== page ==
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(742 words)

Author(s): Spieckermann, Hermann
The Arameans (Heb. and Aram. ’ ărām, ’ ărammî, ’ rm; Akkad. aramu, arimu, etc.) left an important legacy in the Near East until well into the Christian era, namely, the Aramaic language, which belongs to the West Semitic group and is closely related to Hebrew. The OT contains several passages in Aramaic (Gen. 31:47; Ezra 4:8–6:18; 7:12–26; Jer. 10:11; Dan. 2:4b–7:28); the Hebrew text itself also contains various Aramaisms. Widespread from around the eighth century b.c., Aramaic became an official language in the Persian Empire and, with its many d…

Hammurabi, Code of

(311 words)

Author(s): Spieckermann, Hermann
The Code of Hammurabi is one of the oldest and best-known cuneiform law codes in Akkadian. It appears on a stele over 2 m. (6 ft.) high (now in the Louvre; there are many copies). It was promulgated by Hammurabi, king of the first dynasty of Babylon (1792–1750 b.c.), in an attempt at legal reform. In 282 casuistically formulated legal rulings, selected cases from various branches of law (trial, property, family, and inheritance) are dealt with, along with judgments concerning bodily injuries, various occupations, the hiring of cattle and servants, and the holding of slaves. Worth noting is the s…


(446 words)

Author(s): Spieckermann, Hermann
Noah is a widely attested legendary figure from primeval history (Genesis 1–11) of unknown, pre-Israelite origin. The Priestly Adamite genealogy in Genesis 5 introduces him in tenth position as the son of Lamech (Pentateuch). A non- or pre-Priestly redactor in Gen. 5:29 interprets his name as meaning “one who brings relief” (from nḥm Pi., “comfort”), though a connection with the verb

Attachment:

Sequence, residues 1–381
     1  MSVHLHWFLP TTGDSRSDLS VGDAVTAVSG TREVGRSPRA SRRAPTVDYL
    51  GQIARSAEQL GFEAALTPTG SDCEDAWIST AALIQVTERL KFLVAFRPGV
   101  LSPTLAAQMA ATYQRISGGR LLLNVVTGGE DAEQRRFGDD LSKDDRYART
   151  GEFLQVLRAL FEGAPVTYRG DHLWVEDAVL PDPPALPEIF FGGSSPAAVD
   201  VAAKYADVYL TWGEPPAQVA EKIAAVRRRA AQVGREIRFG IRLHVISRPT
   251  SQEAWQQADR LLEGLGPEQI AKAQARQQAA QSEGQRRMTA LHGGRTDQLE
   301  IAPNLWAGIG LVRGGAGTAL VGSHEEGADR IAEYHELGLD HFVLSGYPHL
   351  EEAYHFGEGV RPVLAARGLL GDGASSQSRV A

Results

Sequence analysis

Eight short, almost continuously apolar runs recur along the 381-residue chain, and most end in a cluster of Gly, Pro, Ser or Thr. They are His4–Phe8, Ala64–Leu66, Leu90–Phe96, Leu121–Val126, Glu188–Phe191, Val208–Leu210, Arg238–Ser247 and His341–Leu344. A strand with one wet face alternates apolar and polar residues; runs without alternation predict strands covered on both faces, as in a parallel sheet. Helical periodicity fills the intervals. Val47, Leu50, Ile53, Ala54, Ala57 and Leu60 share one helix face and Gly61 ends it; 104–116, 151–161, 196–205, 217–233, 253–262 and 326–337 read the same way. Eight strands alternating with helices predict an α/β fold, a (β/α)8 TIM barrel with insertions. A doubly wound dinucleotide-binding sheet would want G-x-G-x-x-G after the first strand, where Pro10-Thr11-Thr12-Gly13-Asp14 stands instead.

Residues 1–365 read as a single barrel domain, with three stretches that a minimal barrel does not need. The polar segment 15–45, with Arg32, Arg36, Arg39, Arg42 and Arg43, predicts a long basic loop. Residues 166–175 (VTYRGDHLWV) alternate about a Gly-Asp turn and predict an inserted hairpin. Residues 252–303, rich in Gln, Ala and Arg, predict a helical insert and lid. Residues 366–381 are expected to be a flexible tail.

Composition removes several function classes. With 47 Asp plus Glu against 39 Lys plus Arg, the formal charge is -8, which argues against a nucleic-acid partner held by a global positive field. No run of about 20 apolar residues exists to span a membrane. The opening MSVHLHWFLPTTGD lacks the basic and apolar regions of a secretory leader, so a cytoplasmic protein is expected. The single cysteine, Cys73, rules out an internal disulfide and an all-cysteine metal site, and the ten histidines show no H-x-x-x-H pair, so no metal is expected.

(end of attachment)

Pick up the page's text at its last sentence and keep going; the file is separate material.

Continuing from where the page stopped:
(515 words)

Author(s): Spieckermann, Hermann
In 1781 A. L. Schlözer (1735–1809) used the term “Semitic” for the first time for the supposed original language of the Syrians, Babylonians, Hebrews, and Arabs, and J. G. Eichhorn (1752–1827) then popularized it for languages related to Hebrew (Hebrew Language). The term “Semites” goes back to Shem, the son of Noah. According to the table in …


(401 words)

Author(s): Spieckermann, Hermann
Josiah, king of Judah (639/638–609 b.c.), was the last significant ruler on the throne of David. The sources tell us more about what he stood for than about himself. During his reign a book of the law (probably identical with the core of Deuteronomy) was found in the temple at Jerusalem, which Josiah pledged himself and his people to keep. Cultic reform meant exclusive worship of Yahweh (Deut. 6:4–25; Monolatry) and centralization of worship (chap. 12) in Jerusalem. (Authentic materia…


(1,001 words)

Author(s): Spieckermann, Hermann | Karrer, Martin
1. OT In the Near East, anointing is almost as essential as eating and drinking, with the three often occurring together in cuneiform texts. We also find anointing in many cultic and legal records. In the OT the main Hebrew word for “anointing” is māšaḥ, with šemen used most often for “oil.” Although anointing appears in OT texts of various provenance (e.g., Gen. 28:18; Exodus 40), its primary emphasis is in connection with the appointing of the king (e.g., 2 Sam. 2:4; 5:3). In David’s dynasty anointing quickly established itself as a separate action (1 Kgs. 1:39; 2 Kgs. 11:12; 23:30), a…

Word of God

(5,104 words)

Author(s): Spieckermann, Hermann | Wolter, Michael | Malcolm, Lois
1. OT 1.1. As Israel began to develop a Word-of-God theology, it had at its disposal important predecessors, especially in Mesopotamia rather than Egypt. Praising the word of the gods was common in Mesopotamia, and it was thought that the divine will was communicated by prophets (§1.2). Yet Egypt proved to be a fruitful starting point for reflections on creation by the Word, which occurred in various cosmogonic systems. The divine Word found personification ¶ in various deities. In literature dealing with deat…

Kingdom of God

(5,852 words)

Author(s): Spieckermann, Hermann | Pratscher, Wilhelm | Steinacker, Peter
1. OT The OT contains only a few late references to the kingdom of God. The terms used—Heb. mĕlûkâ, malkût, mamlākâ;…